The tripod is used to hold it upright, and for the up and down tilt (to make the picture two dimensional, not just 1D), and on the tripod is a motor that helps in moving the motor, at a constant rate around 6 degrees/sec. As this camera moves across 180 degrees, the antenna inside logs in WiFi strengths (corresponding to the light and dark) and then, we wrote a program which takes in these logged values, and then converts them into an image.

Initially we used a WiFi adapter, but then to increase pixels of our finished images, we created a second version of the camera, which was the same can concept, except we created our own antenna, made of an Arduino board (basically a microprocessor that we programmed to interface with a radio transceiver), and the radio transceiver, a Nordic nRF24L01+.

The advantages of customizing our own antenna are that it takes in more data per second, and that would help create a much more high resolution picture, making it usable in the professional field.

To display the data in an image format, we converted the data collected using the red part of the RGB color scale which is a mathematical scale that relates the saturation of the color red (and green and blue) with a value from 0-255. All black is 0 which corresponds to a weak signal and all red is 255 which is a strong signal.

When we compared the photos and saw the correspondence, we found out that our camera was actually working. One problem was that the resolution of the picture was not ideal and optimal. It is around 35-40 pixels wide and 5 pixels large. Even though it isn’t fully optimal, it does still have its uses (optimization, security, and drones).

Meanwhile, we worked on the second version of the that used a radio transceiver, Nordic nRF24L01+. That was able to take in more data per second, and that helped create a much higher resolutioned picture, making it usable in the professional field.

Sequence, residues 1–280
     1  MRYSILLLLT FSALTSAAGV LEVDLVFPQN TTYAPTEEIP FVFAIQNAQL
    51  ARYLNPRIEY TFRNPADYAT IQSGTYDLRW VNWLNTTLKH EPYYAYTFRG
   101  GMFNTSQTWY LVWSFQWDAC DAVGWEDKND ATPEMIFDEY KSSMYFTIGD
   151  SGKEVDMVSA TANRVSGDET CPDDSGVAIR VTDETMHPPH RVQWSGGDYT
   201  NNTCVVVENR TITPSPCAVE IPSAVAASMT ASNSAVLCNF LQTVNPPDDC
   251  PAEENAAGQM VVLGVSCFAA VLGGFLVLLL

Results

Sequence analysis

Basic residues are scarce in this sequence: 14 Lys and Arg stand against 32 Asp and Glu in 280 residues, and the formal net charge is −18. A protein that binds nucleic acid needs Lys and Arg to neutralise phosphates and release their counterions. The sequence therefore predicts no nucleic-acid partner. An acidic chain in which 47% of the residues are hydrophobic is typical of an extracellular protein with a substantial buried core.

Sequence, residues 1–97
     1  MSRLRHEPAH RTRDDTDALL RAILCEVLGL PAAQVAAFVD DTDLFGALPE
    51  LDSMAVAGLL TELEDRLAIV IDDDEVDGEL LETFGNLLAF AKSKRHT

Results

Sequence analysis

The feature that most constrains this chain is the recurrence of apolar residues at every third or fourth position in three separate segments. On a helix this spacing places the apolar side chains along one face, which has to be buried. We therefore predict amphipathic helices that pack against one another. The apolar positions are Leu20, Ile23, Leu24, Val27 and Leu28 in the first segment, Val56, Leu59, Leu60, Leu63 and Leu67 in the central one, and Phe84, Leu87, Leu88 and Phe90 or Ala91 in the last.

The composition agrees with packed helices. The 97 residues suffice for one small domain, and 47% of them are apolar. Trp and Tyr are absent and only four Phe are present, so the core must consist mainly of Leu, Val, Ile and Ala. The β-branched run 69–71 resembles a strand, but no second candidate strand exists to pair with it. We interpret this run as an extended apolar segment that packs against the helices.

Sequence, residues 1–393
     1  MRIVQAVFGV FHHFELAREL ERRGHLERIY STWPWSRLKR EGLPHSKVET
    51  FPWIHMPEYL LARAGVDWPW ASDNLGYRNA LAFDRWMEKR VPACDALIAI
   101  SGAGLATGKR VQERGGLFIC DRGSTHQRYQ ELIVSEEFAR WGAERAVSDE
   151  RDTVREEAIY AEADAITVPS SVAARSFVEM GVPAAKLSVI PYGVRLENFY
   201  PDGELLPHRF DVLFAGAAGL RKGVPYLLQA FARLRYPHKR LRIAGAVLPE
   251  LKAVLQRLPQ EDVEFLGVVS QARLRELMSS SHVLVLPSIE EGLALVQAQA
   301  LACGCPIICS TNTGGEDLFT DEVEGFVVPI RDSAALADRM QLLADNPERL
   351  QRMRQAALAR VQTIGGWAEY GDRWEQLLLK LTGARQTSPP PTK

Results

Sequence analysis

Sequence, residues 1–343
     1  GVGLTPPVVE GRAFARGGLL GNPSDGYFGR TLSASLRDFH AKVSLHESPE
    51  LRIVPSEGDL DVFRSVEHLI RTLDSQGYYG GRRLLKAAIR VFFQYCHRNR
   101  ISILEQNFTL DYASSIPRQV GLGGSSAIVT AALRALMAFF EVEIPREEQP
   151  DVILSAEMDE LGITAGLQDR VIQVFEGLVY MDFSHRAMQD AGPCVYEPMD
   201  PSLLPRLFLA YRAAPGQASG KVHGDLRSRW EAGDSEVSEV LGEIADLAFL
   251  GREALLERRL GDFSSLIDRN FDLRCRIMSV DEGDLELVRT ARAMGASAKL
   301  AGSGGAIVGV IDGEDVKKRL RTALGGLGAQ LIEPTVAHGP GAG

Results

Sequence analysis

It was also able to visualize certain interferences, such as other devices emitting electromagnetic signals (certain black lines appearing in patterns), and helped show where they were being detected as well, to help with understanding what they were and how to insulate against them. These images also showed and proved the vast potential of this device.

Check out more of the WiFi pictures we captured using the device by clicking here!

One of the first cameras of its kind, (we researched and found that only one group of scientists attempted this themselves, but stopped working on it in 2011) this project delves into a completely new topic and instrument, and we tried to invent something completely different and completely new.

This device has a lot of research and practical potential and applications. The WiFi Camera can be used for both WiFi optimization and security. As for optimization, the camera can be used to find the places with the best signals and material that best leaks or even optimizes WiFi signals, and certain equipment can be placed nearby such places or with such material.

For security, the camera can be used to detect any leakages or be used to pad up rooms and house to stop any WiFi signals leaking outside and keep your WiFi secure. It can also be used for tracking and personal radar, detecting any outside interference within WiFi signals, such as a man moving through a room etc. The camera can also be used in the air defense sector to possibly enemy detect drones as well as their communication systems and infrastructure, even when not detectable by radio and radar.